As I walk through the main square in my local Barcelona neighbourhood, I see the central fountain has been fenced off. It hasn’t been working for a while, and now has been blocked off completely. But this situation is not unique, it’s the same story all over the city; even Barcelona’s most famous fountains such as the giant cascade in Parc de la Ciutadella and the much-loved Magic Fountain of Montjuïc have had their supplies cut, too.
In fact, it’s been around a year since I’ve heard the trickle of water from any of the city’s fountains. Next to each one sit small plaques with the words “sequía” or “sequera” on them – the Spanish and Catalan words for drought.
According to the State Meteorological Agency (AEMET), Spain has been in long-term drought since the end of 2022, but many parts of the country have experienced water shortages for over two years.
While some parts of Spain naturally get very little rainfall, the situation in others has now become dire, drastically affecting everything from home consumption to agriculture.
Catalonia is one of the worst hit regions. Intense heat waves plagued the summer and though autumn and winter are the wettest seasons of the year, the level of the reservoir that serves the Barcelona metropolitan area has dropped alarmingly.
A limit of 200 litres per person per day was put in place in August in 22 towns in the metropolitan area of Barcelona, and the city council recommended that all residents reduce their water consumption by 15%. A five-minute shower, for example, uses around 80 litres, but filling a bath can be up to 300 litres.
Since the summer, there have also been bans on washing cars, filling swimming pools, and watering gardens (unless with collected rainwater).
If an extreme emergency situation is declared, the local government says that limits could drop to 160 litres per person in some areas and current restrictions for industry and agriculture would increase. Other solutions include lowering the city’s water pressure to reduce consumption. The government also plans on increasing water bills in 2024.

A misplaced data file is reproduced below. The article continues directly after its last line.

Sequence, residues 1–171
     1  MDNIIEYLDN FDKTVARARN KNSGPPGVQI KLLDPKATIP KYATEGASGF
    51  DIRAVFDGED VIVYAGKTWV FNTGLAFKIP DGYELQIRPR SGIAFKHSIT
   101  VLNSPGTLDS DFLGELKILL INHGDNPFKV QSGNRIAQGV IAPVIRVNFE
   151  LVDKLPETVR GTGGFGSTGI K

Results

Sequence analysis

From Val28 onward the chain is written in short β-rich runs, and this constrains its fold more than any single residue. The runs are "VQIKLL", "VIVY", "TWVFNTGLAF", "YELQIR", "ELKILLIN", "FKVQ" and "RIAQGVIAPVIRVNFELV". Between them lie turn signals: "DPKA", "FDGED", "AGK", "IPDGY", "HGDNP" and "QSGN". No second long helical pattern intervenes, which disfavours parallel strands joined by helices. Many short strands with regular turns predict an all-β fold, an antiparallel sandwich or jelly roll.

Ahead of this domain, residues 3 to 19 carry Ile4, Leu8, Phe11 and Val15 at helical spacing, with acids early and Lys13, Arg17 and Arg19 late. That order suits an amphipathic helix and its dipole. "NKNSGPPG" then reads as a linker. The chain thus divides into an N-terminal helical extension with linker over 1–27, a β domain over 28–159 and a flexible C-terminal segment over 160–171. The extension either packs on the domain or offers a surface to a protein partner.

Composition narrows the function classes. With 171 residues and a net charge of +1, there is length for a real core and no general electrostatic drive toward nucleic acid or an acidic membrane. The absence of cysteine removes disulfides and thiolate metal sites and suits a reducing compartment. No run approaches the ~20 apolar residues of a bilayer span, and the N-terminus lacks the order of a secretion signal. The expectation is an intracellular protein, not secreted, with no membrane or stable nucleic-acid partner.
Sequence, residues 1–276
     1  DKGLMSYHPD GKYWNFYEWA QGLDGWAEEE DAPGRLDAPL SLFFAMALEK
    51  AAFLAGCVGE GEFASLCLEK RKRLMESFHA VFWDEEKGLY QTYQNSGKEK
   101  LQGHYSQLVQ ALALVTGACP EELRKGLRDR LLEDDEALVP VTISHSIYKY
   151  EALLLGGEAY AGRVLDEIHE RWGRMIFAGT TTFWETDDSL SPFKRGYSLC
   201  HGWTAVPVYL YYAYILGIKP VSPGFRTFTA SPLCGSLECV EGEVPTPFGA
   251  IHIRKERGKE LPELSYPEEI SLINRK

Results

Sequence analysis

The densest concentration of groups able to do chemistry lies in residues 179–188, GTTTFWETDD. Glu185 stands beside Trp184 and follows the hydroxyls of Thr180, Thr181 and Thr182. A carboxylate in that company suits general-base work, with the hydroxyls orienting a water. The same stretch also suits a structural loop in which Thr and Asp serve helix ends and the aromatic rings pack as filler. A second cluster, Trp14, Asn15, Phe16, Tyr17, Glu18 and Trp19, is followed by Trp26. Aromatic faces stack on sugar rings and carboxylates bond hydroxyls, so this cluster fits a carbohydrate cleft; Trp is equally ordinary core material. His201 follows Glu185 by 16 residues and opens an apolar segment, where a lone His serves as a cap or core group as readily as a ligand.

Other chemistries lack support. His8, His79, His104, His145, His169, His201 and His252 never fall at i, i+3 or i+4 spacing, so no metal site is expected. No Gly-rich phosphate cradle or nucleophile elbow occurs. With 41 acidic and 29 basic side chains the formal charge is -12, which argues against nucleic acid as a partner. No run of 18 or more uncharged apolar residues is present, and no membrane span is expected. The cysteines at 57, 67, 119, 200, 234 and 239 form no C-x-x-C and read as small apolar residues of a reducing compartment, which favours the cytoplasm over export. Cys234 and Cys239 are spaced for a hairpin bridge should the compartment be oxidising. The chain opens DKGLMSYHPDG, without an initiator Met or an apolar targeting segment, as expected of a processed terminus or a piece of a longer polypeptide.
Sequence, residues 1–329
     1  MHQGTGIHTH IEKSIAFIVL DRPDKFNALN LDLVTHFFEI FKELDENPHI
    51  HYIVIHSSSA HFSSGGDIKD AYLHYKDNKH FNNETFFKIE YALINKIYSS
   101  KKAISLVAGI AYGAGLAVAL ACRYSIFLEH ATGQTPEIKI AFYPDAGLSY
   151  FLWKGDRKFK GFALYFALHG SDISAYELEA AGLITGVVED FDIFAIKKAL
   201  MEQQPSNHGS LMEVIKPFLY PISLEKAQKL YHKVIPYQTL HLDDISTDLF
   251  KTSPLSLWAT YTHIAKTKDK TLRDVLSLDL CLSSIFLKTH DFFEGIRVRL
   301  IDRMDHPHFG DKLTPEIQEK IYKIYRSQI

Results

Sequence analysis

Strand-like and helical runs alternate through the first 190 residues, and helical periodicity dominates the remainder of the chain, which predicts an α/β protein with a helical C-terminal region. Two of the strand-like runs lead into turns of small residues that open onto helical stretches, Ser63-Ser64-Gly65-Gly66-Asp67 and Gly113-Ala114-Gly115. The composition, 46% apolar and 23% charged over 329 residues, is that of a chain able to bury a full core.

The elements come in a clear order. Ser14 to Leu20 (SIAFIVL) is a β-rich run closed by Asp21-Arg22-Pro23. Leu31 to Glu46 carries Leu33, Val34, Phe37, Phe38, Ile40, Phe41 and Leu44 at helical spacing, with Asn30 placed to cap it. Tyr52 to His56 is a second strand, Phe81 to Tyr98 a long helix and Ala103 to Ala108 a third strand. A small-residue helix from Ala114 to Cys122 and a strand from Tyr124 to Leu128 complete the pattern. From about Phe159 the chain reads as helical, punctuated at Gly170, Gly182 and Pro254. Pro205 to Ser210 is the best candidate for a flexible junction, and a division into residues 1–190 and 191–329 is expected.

Many experts argue that the situation is already serious and it’s not a question of whether an emergency situation is declared, but when.
“We cannot wait for cuts or for wells to dry up to be aware of the situation,” explained Samuel Reyes, director of the Catalan Water Agency.
The worst possible scenario has already been reached in two Catalan villages – La Vilella Baixa and La Bisbal de Falset, which from the late summer into early autumn were left with no drinking water at all.
It’s not just Catalonia that is suffering. The lack of rain affected autumn crop harvests in Andalucía, too. The official forecast for the olive harvest this year is estimated to be 40% below average.
Spain produces around half of the world’s olive oil and it’s an ingredient used in most Spanish dishes, yet the price of one litre of oil has risen by 52.5% in a year, well above the European average of 38.3%.
“It comes from Spain”, a woman in the supermarket complains to me. “It’s not as if it’s coming from halfway around the world. Why is it so expensive?”
Many believe the high prices are down to inflation, but much of it is due to the drought.
One bottle of extra virgin olive oil used to cost me around €4-€5, but Spain’s OCU consumers and users organisation now lists the average price at €9.42.
Whether we will have supply cuts, increased restrictions or more bans, it’s clear that everyone should already be reducing their water usage. In the meantime, we’re still waiting for the rain to come.